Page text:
All Windows processes have their corresponding kernel objects in the form of an EPROCESS kernel structure. All those EPROCESS objects are stored in a doubly-linked list.

Effectively, this means that when a cmd /c tasklist or get-process is invoked to get a list of all running processes on the system, Windows walks through the doubly-linked list of EPROCESS nodes, utilizing the LIST_ENTRY structures and retrieves information about all currently active processes. Also, malware programs can manipulate it to hide in plain sight.

Lets see _LIST_ENTRY for a particular process:

kd> dt _eprocess ffffc2886a4b90c0
+0x000 Pcb              : _KPROCESS
+0x2d8 ProcessLock      : _EX_PUSH_LOCK
+0x2e0 UniqueProcessId  : 0x00000000`0000074c Void
+0x2e8 ActiveProcessLinks : _LIST_ENTRY [ 0xffffc288`65a6a5a8 - 0xffffc288`6a77e368 ]
+0x2f8 RundownProtect   : _EX_RUNDOWN_REF
+0x300 Flags2           : 0x200d000


While EPROCESS and KPROCESS structures are accessible only from kernel mode, PEB lives in the user-mode address space of the process it describes. It contains information needed by the image loader, the heap manager, and other Windows components that need to access it from user mode

Lets take a quick look into PEB data structure :

kd> dt nt!_PEB
+0x000 InheritedAddressSpace : UChar
+0x001 ReadImageFileExecOptions : UChar
+0x002 BeingDebugged    : UChar
+0x003 BitField         : UChar
+0x003 ImageUsesLargePages : Pos 0, 1 Bit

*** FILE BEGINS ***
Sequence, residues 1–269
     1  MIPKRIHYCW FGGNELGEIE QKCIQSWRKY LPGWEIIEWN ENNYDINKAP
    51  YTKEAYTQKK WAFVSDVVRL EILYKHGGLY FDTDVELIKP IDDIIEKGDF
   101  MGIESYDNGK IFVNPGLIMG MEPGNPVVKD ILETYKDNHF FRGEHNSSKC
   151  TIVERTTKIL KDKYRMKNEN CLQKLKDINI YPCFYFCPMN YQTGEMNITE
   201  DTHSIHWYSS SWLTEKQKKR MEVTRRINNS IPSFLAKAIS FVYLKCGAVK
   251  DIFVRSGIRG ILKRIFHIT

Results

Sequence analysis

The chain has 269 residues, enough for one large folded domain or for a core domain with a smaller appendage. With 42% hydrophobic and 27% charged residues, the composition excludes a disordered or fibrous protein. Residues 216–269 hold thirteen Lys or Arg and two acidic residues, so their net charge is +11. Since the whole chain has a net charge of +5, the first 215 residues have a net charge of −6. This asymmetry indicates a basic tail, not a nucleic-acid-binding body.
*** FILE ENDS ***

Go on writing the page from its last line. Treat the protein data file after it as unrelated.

+0x003 IsProtectedProcess : Pos 1, 1 Bit
+0x003 IsImageDynamicallyRelocated : Pos 2, 1 Bit
+0x003 SkipPatchingUser32Forwarders : Pos 3, 1 Bit
+0x003 IsPackagedProcess : Pos 4, 1 Bit
+0x003 IsAppContainer   : Pos 5, 1 Bit
+0x003 IsProtectedProcessLight : Pos 6, 1 Bit
+0x003 IsLongPathAwareProcess : Pos 7, 1 Bit
+0x004 Padding0         : [4] UChar
+0x008 Mutant           : Ptr64 Void
+0x010 ImageBaseAddress : Ptr64 Void
+0x018 Ldr              : Ptr64 _PEB_LDR_DATA
+0x020 ProcessParameters : Ptr64 _RTL_USER_PROCESS_PARAMETERS
+0x028 SubSystemData    : Ptr64 Void
+0x030 ProcessHeap      : Ptr64 Void
+0x038 FastPebLock      : Ptr64 _RTL_CRITICAL_SECTION
+0x040 AtlThunkSListPtr : Ptr64 _SLIST_HEADER
+0x048 IFEOKey          : Ptr64 Void
+0x050 CrossProcessFlags : Uint4B
+0x050 ProcessInJob     : Pos 0, 1 Bit
+0x050 ProcessInitializing : Pos 1, 1 Bit
+0x050 ProcessUsingVEH  : Pos 2, 1 Bit
+0x050 ProcessUsingVCH  : Pos 3, 1 Bit
+0x050 ProcessUsingFTH  : Pos 4, 1 Bit
+0x050 ProcessPreviouslyThrottled : Pos 5, 1 Bit
+0x050 ProcessCurrentlyThrottled : Pos 6, 1 Bit
+0x050 ProcessImagesHotPatched : Pos 7, 1 Bit
+0x050 ReservedBits0    : Pos 8, 24 Bits
+0x054 Padding1         : [4] UChar
+0x058 KernelCallbackTable : Ptr64 Void
+0x058 UserSharedInfoPtr : Ptr64 Void
+0x060 SystemReserved   : Uint4B
+0x064 AtlThunkSListPtr32 : Uint4B
+0x068 ApiSetMap        : Ptr64 Void
+0x070 TlsExpansionCounter : Uint4B
+0x074 Padding2         : [4] UChar
+0x078 TlsBitmap        : Ptr64 Void
+0x080 TlsBitmapBits    : [2] Uint4B
+0x088 ReadOnlySharedMemoryBase : Ptr64 Void
+0x090 SharedData       : Ptr64 Void
+0x098 ReadOnlyStaticServerData : Ptr64 Ptr64 Void
+0x0a0 AnsiCodePageData : Ptr64 Void

To print information in more user friendly way use !peb

kd> !peb
PEB at 000000040a568000
InheritedAddressSpace:    No
ReadImageFileExecOptions: No